However, on November 14, President Obama announced that he is working to allow people to keep their pre-existing health insurance plans through 2014, but insurance companies will be required to notify customers on the benefits they will lose by not switching to the new ObamaCare-supported plan.


3. Medicaid Is Being Expanded

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(Getty)

According to CNN, around 62 million people are currently insured by Medicaid, the government-provided health insurance. Under the Affordable Care Act, up to 7 million more Americans could be eligible for Medicaid. This means that adults with very low income, up to or below 133 percent of the federal poverty level, will now be eligible for Medicaid.

However, states are able to opt out of this Medicaid expansion, leaving those who would be covered by it waiting.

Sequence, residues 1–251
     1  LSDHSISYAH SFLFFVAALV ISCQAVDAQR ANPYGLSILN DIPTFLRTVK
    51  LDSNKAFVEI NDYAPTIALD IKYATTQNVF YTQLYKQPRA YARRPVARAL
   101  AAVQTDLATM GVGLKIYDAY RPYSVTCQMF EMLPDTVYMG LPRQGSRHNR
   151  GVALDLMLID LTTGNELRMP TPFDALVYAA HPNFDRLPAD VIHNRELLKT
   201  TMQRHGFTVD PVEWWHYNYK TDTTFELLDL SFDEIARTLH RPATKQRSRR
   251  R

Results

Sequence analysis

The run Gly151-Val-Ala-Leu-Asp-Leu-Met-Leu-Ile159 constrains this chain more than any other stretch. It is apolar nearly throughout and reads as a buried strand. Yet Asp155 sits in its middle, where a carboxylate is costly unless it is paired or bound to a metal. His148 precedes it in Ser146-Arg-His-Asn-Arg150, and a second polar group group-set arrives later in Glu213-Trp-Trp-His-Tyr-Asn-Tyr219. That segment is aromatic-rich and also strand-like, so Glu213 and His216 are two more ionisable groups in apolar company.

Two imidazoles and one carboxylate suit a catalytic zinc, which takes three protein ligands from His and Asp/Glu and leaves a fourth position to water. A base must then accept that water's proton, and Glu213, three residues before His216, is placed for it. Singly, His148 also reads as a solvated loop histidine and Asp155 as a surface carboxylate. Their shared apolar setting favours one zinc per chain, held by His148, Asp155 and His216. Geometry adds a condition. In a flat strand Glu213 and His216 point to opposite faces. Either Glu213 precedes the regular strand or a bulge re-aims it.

4. Some People Will Remain Uninsured: Who?

Although ObamaCare will penalize people with a fine if they are uninsured, some people will continue to live without health insurance:

Undocumented immigrants, people who choose to pay the fine rather then get insurance, families whose insurance would cost more than 8 percent of household income, and U.S. citizens who are eligible to get their insurance through Medicaid but do not enroll.


5. ObamaCare Has a Lot of Benefits: Like What?

Despite what you may have heard on the news, the Affordable Care Act does have a lot of benefits. For example:

• Children can now stay on their parents' health insurance plan until they are 26

• The government will provide cost assistance for families struggling to buy health insurance

• Insurance companies can no longer drop a customer for being sick

• Health insurance companies can no longer deny people for pre-existing conditions

• The average American has more resources to appeal insurance companies

• People cannot be charged more based on health status or gender


6. Healthcare.gov Is the Insurance Plan 'Marketplace'

obamacare website